Written by Jacob Jans June 12th, 2014

The Submission Fee Controversy

Is creative writing inherently valuable? This is the surprising question raised by a controversy that recently reached the blog of the editor of the Missouri Review, a well-known academic literary journal.

Michael Nye, the editor, was frustrated. Why? Because he thought “this no longer needed any further discussion.”

The topic? Submission fees that some literary journals charge writers.

He was responding to the article we published last month, explaining our stand against literary journals that charge submission fees.

Michael Nye supports submission fees. He believes “there is a revenue stream that we need to capture.” Why is the money so important? Because the Missouri Review barely scrapes by. They depend largely on a grant from their University. The budget is tight.

Not only that, but the sad truth is that not very many people read literary journals. As vital as they are to our society, they are not widely read. Most prestigious literary journals have far more submissions than subscriptions.

That’s right: There is huge demand to be published by literary journals, and relatively low demand to read them. This leads to the second reason Michael Nye cites for charging submission fees: The desire to “slow down the number of submissions.”

Why not make money by charging submission fees? It has the potential to kill two birds with one stone: Generate much needed revenue, and slow down the pace of submissions.

Imagine, for a moment, a world where the majority of literary journals charge submission fees. When a writer decides to start submitting to literary journals, their first question will be surprising: What should their submission budget be? $20 a month? $50 a month?

An ambitious writer might want to submit to 15 literary journals a month. If each submissions costs $3, that would be $45 dollars a month.

The poet Thomas Lux once said that a writer should always have 40 submissions out at a time. That would work out to $120, just to keep the submission ball rolling.

If you think this future seems impossible, you might be shocked.

That future is already here. But not for literary journals. Not yet.

If you are a poet looking to publish your first book, the situation is grim. Most publishers charge reading fees. The cost is usually between $25 and $50 dollars. Several poets I know have an annual budget for submitting their book. It is not uncommon for a poet to spend several thousand dollars before their book is finally accepted by a publisher.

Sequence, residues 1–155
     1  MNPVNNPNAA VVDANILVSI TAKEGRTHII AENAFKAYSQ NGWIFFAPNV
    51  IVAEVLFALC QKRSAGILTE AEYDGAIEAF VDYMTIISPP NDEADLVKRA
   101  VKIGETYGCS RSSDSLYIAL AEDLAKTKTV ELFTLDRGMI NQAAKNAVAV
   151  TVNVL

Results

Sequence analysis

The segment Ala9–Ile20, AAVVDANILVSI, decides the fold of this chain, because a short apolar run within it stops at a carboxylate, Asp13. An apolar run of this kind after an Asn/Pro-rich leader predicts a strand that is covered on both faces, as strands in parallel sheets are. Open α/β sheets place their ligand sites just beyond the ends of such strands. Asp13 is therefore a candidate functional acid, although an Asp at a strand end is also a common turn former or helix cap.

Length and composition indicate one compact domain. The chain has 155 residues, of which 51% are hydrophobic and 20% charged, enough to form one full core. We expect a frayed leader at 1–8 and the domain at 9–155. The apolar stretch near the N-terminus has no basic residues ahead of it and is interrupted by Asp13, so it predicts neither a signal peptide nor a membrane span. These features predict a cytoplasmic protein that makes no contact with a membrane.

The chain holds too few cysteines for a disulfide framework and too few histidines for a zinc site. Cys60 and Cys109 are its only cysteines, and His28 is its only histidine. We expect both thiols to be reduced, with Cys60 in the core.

Copper Canyon Press, Tupelo Press, the Yale Younger Poets Series, and Four Way Books all charge submission fees. And that is just a random sampling. The opportunities to pay to submit a book of poetry are numerous. The free submission opportunities are slim.

It’s not a good situation.

The problem is that charging submission fees does not address the real issue. Editors should focus on building demand for the writing they publish.

Charging submission fees pulls the focus away from building readership, and might actually harm readership rates. As Michael Nye writes in an earlier essay, writers might pay submission fees instead of subscribing.

All of this leads to a very backwards situation: Instead of readers paying for the right to read literary journals, writers are paying for the chance to be printed in a literary journal that has relatively few readers.

This leads to a surprising answer to the question posed at the beginning of the article.

If an editor is overwhelmed by submissions, it can be increasingly difficult to view each submission as inherently valuable. After all, if you are staring at a pile of thousands of submissions, it is easy to see it as just more work.

In her essay that sparked this issue, Emily Harstone states that she has submitted to hundreds of literary journals. As someone who knows her personally, I can attest to her dedication as both a submitter and a writer. She spends part of every single day practicing her craft. She also follows Thomas Lux’s advice. She almost always has 40 submissions out at a time.

She has dedicated much of her life to the practice of her art, and she freely shares the fruit of her labor with many publications. She does not expect payment.

But, perhaps that’s not enough. Michael Nye complains that most critics of submission fees don’t actually support literary journals. Despite the fact that Emily clearly states how actively she submits to literary journals, Michael Nye still questions her support for them.

The implication is clear: Submitting one’s art to a literary journal does not count as support. At least, not to Michael Nye.

I strongly disagree. If a literary journal serves any purpose at all, then that purpose should rest on the inherent value of the art that it publishes. If the writing published by the Missouri Review does not have it’s own inherent value, then the Missouri Review is worthless. It is easy to see how that is wrong.

By submitting to the Missouri Review, or any literary journal, a writer is supporting the central purpose of that publication: To publish good writing.

As an artist, you work hard to hone your craft. You put a lot of effort into creating valuable art. The value of your art should be respected. That is one of the many reasons we will not support publications that charge submission fees.


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